>X-Sender: firstname.lastname@example.org >Date: Wed, 6 Mar 2002 11:27:25 -0800 >To: email@example.com >From: Jerry Becker <firstname.lastname@example.org> >Subject: UK: First woman lecturer makes history in mathematics > >************************* From The Guardian [UK], Monday, March 4, 2002. See >http://education.guardian.co.uk/higher/maths/story/0,9842,661660,00.html >************************* >Lecturer makes history in maths > >By Karen Gold > >A woman has won the UK's most prestigious award for a young >mathematician, the Adams Prize, for the first time in its 120-year >history. > >Dr Susan Howson, 29, a Royal Society fellow and lecturer at >Nottingham University, was lauded by the judges - an international >array of maths professors - for her research on number theory and >elliptic curves. > >Previous winners of the £12,000 prize, awarded by Cambridge >University, include the physicist James Clark Maxwell and >geometrician Sir William Hodge. > >Although cryptographers will use Dr Howson's work, she is a pure >mathematician, choosing her subject "because of the beauty of the >theorems". > >This sets her apart from most of the other top women mathematicians >in the UK, who are almost entirely concentrated in applied maths or >statistics. > >Dr Howson believes women are deterred from working in pure maths not >only by the lack of role models - she had only male teachers as a >Cambridge undergraduate - but also by its highly competitive nature. > >"I think some girls are put off by that, and female undergraduates >seem to drop out because they are not as confident as the men. >Competition doesn't usually bother me, but I worked at MIT >[Massachusetts Institute of Technology] for a year and I was >uncomfortable with the very macho atmosphere: who was working the >hardest, staying the latest. > >"I think women may be a bit less obsessional and single-minded than >men on average, and since those characteristics can help with maths >that may make a difference." > >Statistics collected by the London Mathematical Society bear out the >story that at every stage beyond school, increasing numbers of women >drop out of maths. > >In 1998 (the latest available figures) women comprised 38% of maths >undergraduates. At postgraduate level that proportion had fallen to >29%, while just 18% of university lectureships were held by women. > >Women made up 7% of senior lecturers and 2% - nine individuals - of >university professors. > >The biggest improvements in almost 10 years have been at the lower >levels. In 1990 only 33% of maths undergraduates, and 21% of >postgraduates were women. > >At the top, the change is fractional: women have gone from four to >7% of senior lecturers, and from one to 2% of professors. > >Dr Helen Robinson, senior lecturer in maths at Coventry University, >also believes the working atmosphere in pure maths is a major >deterrent to some women. > >"Women are inclined to get discouraged, and people do discourage >them. You still get people, though not as many as you once did, who >say that women aren't any good at pure maths," she said. > >"It's not necessarily intentional. Young male research students can >seem extremely sure of themselves and women are put off by this. >It's partly to do with the style of pure maths: you say something >and someone comes back at you and says 'you're talking rubbish'. >It's a very argumentative style in which people put forward opinions >without thinking about them a great deal, expecting to see them >knocked down. Women are less happy about doing that." > >Dr Howson attributes her success to encouragement at >Burley-in-Wharfedale middle school in West Yorkshire and her teacher >David Womersley. > >"Most of the time at that age we were supposed to be doing long >division and fractions, but he took time off from that every week to >do investigations and teach us how to really think," she said. > >She has no mathematical background; her father is an electrician, >her mother a secretary. "I was just encouraged at school all the way >through to university. When I first arrived at Cambridge I found it >quite overwhelming, but Corpus Christi was very encouraging too. >I've never really encountered any off-putting attitudes or >discrimination." > >Dr Robinson, recalling her experience as the only female in a >45-strong postgraduate cohort at Warwick University 25 years ago, >could not say the same. "I do think attitudes have changed now, but >it was very, very lonely. > >"There are more women staying on to do research, and gradually they >are moving up the ladder. The British Women in Mathematics group and >the LMS also organise meetings, aimed at encouraging research >students. But when I was doing my MSc, if I gave the right answer to >a question in a lecture and some male students had got it wrong >before me, the lecturer would say: 'Look she can do it, and she's >only a girl'." >********************************************** >-- >Jerry P. Becker >Curriculum & Instruction >Southern Illinois University >Carbondale, IL 62901-4610 >Phone: (618) 453-4241 [O] > (618) 457-8903 [H] >Fax: (618) 453-4244 >E-mail: email@example.com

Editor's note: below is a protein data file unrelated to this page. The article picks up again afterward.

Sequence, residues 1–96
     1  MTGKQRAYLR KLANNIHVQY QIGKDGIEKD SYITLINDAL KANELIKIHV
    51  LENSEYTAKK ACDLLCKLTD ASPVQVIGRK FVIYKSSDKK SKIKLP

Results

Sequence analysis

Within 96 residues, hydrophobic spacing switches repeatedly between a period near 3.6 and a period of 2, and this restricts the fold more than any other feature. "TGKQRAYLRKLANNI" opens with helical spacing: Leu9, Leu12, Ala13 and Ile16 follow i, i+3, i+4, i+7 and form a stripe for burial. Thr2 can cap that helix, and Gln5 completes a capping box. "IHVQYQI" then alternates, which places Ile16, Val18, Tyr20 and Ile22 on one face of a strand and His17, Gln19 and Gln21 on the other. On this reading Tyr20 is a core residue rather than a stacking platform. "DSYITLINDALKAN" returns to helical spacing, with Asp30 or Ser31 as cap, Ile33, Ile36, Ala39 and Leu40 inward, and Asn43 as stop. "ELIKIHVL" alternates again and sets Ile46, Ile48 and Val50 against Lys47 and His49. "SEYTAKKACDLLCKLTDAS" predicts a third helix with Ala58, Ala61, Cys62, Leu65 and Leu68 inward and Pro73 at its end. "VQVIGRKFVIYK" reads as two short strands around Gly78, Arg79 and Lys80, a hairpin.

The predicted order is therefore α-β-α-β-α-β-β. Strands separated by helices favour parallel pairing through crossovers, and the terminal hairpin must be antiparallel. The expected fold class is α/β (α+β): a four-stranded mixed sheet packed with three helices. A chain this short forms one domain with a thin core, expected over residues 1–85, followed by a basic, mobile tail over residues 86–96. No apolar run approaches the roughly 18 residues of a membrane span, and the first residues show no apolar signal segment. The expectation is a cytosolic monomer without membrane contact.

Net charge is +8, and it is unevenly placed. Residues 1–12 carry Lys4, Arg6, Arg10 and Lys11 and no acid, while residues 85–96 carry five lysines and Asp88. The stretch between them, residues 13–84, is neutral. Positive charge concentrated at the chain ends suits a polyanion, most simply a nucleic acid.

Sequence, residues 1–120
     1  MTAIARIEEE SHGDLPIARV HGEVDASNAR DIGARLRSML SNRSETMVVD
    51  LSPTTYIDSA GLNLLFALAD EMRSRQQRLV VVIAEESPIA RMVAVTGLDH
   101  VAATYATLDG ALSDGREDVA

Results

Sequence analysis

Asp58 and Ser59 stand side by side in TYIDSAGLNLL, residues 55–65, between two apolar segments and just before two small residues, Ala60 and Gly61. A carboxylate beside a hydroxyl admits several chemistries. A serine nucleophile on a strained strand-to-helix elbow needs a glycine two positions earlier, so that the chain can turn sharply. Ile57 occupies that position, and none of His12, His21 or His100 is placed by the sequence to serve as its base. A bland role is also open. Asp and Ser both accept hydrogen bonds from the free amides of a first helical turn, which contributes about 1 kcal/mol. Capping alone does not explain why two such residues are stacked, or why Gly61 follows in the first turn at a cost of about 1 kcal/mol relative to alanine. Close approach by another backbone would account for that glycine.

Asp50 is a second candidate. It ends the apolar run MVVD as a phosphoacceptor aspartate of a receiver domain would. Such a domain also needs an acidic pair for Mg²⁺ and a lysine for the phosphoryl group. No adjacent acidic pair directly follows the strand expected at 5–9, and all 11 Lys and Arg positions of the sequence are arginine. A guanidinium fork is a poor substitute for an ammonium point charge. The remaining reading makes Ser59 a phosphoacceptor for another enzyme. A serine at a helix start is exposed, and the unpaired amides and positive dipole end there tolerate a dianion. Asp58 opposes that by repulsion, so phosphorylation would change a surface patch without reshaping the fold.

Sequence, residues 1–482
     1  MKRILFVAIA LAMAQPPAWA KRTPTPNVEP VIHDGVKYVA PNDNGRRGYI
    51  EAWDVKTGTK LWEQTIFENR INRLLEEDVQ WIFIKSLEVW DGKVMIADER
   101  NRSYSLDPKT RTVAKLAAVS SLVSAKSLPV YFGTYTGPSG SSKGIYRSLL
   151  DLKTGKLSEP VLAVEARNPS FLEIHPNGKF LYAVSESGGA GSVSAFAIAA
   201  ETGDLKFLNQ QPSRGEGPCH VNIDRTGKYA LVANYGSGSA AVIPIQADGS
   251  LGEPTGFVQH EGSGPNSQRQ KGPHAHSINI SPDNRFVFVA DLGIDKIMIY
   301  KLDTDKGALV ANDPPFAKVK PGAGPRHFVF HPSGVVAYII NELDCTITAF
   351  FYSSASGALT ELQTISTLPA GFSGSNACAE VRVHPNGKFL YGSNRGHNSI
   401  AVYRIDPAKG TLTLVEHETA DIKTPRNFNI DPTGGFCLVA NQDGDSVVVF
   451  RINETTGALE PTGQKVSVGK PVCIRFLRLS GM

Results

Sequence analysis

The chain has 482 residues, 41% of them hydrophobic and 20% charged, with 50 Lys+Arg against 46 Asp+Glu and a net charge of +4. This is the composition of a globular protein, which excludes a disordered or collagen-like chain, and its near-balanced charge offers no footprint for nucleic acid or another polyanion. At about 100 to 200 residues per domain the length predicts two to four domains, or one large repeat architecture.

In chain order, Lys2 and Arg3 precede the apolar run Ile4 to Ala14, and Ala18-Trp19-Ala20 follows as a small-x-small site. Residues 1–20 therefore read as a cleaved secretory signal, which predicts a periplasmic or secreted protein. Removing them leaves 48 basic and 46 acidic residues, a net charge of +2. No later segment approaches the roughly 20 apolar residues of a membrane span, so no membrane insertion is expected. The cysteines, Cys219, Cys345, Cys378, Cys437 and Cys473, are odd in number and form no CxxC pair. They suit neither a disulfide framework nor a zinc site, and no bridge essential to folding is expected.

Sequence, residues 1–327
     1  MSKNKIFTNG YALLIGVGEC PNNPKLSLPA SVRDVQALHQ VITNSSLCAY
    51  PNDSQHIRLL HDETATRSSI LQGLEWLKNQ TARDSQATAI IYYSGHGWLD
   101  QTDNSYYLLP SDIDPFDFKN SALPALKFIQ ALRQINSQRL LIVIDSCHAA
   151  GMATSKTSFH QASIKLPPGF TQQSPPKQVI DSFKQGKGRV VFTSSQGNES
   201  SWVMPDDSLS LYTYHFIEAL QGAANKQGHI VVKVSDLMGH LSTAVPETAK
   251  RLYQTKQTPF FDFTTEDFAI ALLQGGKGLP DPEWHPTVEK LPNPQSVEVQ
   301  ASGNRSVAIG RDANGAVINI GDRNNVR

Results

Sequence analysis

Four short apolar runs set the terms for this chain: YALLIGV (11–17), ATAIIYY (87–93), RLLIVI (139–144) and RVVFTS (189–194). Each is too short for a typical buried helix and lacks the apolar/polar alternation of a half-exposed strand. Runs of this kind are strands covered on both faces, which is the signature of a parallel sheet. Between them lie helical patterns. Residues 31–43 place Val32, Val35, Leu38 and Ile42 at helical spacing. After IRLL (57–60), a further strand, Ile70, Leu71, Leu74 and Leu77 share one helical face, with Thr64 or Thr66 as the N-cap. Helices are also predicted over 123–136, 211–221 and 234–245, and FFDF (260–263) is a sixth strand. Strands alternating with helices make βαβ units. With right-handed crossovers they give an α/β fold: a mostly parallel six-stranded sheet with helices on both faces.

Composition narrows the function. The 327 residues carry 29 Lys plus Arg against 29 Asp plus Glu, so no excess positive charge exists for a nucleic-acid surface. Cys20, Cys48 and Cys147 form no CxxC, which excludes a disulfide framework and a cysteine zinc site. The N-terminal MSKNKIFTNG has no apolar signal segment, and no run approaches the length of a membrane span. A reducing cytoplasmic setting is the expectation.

Marjorie (Marj) Enneking, Ph.D. Professor of Mathematics and Director, OCEPT (Oregon Collaborative for Excellence in the Preparation of Teachers, a statewide project funded by the National Science Foundation) Department of Mathematical Sciences Portland State University Portland, OR 97207-0751 503-725-3643 (Office Phone) 503-725-3661 (Fax) firstname.lastname@example.org http://www.mth.pdx.edu/OCEPT